Budget supermarket Lidl have launched a new scholarship for students at Oxford University to study German.
This comes after education experts warned that the number of students learning the language in school is declining. A British Council advisor suggested this was partly due to students associating Germany with war.
The supermarket chain will fund one master’s degree for a student of Modern German whilst sponsoring competitions with cash prizes for undergraduates from next year.
Education experts have welcomed this move by Lidl and have pointed to Britain’s post-Brexit relationship with Germany to halt the decline, exemplifying the language’s future importance.
The British Council’s school’s advisor Vicky Gough suggested the decline in German students stemmed from pupils preferring to speak “exotic” languages and from learning about the First and Second World Wars.
She said: “Less and less people are taking German up and that is a big issue.
“The perception of German is that it is harder, that it is less useful and it is something for the elite. In many schools it’s only an option for the top set.
“Spanish is seen as far more cool, it’s known as the ‘Despacito effect’, all the celebrities are using it.
“I have asked students what languages they want to study, many of them say Spanish because there are so many places where you can use it or Chinese because they think it’s exotic. But the only thing they know about Germany is the war.”
It’s a huge shame because the German department at Warwick is so strong. I’ve had such a good experience with them throughout my degree
– Molly Harrabin, Final-year German Studies student
Final-year German Studies student, Molly Harrabin, said: “German is probably the third biggest language in the [Modern Languages] school. That being said, out of the ‘core’ three, it is the least popular.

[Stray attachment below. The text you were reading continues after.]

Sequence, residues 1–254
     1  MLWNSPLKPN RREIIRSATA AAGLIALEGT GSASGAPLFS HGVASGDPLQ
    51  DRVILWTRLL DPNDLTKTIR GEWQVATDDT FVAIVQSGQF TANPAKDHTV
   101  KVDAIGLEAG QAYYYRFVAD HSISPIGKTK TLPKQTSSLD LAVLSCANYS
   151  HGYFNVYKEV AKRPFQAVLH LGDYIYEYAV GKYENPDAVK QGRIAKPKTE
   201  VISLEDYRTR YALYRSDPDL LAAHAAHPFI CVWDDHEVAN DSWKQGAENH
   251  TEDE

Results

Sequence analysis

“I think it is less romanticised because of the last 100 years of German history and in general everyone finds French and Spanish more attractive.
“I would definitely say it’s underrated – people generally aren’t taught German in schools or they don’t believe it has as much significance as other languages because it’s not as widely spoken. I think the Nazi past puts people off and not as many people are aware of the diverse culture that Germany has.
“It’s a huge shame because the German department at Warwick is so strong. I’ve had such a good experience with them throughout my degree.”
This year, nearly half as many students sat German A-level exams as in 2010 and 25% of state schools which in the last three years offered German GCSE no longer to so.
Last year, 7,600 students sat A-Level Spanish, which was more than double the amount that sat German exams.
Christian Härtnagel, Lidl’s UK CEO, said: “As a British supermarket with roots in Germany, we saw this opportunity as a great fit and are incredibly proud to be working with Oxford to support both undergrad and graduate students of German.”
Third-year French and German student, Daniel Goodbourn, is currently on a year abroad in Lübeck and believes German is an important skill in the job market. He said: “I think there are a lot of benefits culturally and in terms of employment.
“German businesses are such a powerhouse in Europe that it’s so essential to have native English speakers who can also speak German. Just being able to speak German in a business environment can really improve your employability.
“I think culturally as well people forget that Germany is so huge and within that there are so many different locations… If you want to tour Europe, learning German is so important.
“People say that German’s super hard and, whilst it can be at times, it’s a Germanic language like English so it’s not really as hard as people make it out to be. Plus, learning German can be a gateway to other Germanic languages.”
The number of students learning modern languages overall is down 15% at the end of 2016/2017, compared to 2010.